Maldonado's complaint that the weight of the substance differed by ten percent between the field-weighing by Agent Britt and the lab-weighing by the DEA chemist is not sufficiently material to require the exclusion of this evidence. See Davidson v. State17 (seven percent difference). Nor is the several month delay between the shipment of the substance to the crime lab and the testing of the substance by the DEA chemist sufficiently material. See Williams v. State18 (over a year delay).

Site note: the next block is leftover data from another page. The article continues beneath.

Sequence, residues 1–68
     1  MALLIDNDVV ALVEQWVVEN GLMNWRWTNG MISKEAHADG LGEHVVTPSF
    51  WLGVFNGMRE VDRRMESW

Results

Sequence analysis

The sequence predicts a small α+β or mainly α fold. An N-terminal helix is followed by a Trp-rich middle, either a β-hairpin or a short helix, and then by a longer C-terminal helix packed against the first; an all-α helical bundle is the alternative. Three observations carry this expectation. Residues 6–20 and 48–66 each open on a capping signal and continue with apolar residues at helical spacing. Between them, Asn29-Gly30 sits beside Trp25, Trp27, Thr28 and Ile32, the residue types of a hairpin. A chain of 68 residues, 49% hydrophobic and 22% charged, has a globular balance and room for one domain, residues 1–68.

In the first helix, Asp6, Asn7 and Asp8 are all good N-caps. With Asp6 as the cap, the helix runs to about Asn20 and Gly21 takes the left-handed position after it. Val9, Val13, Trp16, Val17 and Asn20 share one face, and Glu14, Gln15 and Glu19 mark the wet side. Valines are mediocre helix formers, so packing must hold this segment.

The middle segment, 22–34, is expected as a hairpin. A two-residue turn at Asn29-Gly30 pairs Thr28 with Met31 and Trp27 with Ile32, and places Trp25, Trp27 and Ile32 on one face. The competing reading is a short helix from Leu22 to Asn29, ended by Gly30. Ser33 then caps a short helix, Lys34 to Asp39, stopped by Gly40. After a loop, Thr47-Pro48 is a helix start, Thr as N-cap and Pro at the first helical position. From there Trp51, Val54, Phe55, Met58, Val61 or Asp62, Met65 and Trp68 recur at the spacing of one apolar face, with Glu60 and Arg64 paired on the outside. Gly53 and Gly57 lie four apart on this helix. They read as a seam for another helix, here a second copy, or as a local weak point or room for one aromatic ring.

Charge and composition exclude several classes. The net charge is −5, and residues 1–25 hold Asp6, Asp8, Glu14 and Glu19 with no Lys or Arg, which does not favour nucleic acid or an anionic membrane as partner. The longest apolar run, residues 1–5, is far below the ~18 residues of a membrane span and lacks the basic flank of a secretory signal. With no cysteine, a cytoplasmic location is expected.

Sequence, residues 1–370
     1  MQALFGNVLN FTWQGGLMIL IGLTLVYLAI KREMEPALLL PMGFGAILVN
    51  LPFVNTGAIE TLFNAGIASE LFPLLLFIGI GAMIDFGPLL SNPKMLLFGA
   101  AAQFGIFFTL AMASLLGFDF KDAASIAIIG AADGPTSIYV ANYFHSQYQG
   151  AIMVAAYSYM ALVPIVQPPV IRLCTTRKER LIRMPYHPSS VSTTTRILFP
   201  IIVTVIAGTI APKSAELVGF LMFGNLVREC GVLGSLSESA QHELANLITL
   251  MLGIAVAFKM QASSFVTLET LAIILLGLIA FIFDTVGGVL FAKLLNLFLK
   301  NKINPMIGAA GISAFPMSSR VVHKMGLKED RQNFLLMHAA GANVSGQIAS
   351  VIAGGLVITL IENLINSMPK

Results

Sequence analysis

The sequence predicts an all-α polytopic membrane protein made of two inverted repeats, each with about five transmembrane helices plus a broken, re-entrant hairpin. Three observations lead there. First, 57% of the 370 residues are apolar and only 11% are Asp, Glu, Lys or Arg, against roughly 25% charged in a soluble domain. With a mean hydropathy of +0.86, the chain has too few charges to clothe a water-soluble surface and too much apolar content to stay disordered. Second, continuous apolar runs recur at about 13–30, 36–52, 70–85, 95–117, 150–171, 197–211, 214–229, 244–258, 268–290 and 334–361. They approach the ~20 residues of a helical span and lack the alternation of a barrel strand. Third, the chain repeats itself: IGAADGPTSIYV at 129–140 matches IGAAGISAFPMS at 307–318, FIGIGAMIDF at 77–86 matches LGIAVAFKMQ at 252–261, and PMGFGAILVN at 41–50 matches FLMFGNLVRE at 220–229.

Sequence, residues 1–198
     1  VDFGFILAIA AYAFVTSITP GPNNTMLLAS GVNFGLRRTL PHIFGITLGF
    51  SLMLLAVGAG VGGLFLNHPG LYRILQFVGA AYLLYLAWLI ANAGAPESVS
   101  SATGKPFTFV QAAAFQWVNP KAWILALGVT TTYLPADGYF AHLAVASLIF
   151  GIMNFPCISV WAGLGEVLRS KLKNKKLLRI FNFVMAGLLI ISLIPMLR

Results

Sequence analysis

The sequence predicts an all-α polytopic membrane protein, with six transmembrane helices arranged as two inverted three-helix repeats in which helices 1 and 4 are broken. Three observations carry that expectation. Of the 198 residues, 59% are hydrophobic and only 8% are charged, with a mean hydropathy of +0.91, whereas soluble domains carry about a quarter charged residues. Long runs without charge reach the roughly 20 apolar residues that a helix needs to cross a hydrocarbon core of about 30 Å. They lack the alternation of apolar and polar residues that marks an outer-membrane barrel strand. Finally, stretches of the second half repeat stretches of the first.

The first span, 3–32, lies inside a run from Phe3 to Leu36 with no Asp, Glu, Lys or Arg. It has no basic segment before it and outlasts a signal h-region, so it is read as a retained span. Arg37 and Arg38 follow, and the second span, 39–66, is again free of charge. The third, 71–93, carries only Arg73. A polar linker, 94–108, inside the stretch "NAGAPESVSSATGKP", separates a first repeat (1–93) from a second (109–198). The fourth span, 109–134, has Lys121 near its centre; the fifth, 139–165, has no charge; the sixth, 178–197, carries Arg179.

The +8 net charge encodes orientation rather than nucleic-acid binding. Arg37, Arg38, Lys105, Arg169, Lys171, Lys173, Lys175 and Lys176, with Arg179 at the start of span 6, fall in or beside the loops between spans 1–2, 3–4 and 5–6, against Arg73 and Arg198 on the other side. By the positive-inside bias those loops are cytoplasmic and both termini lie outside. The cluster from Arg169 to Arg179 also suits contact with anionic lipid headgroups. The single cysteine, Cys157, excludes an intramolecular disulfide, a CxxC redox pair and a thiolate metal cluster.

Based on the above analysis, we hold that the trial court did not abuse its discretion in determining that the State laid the proper chain-of-custody foundation for admitting the test results.
2. Maldonado contends that his due process rights were violated when the State failed to preserve certain voice tapes of the two transactions, which tapes Agent Britt had determined were completely inaudible. Maldonado claims that because of the State's actions, the trial court should have dismissed the charges against him.
Maldonado's co-defendant raised this same argument in his appeal to this Court, which we discussed at length and rejected. See Giraudy v. State.19 For the same reasons set forth in Giraudy, we also reject this argument here.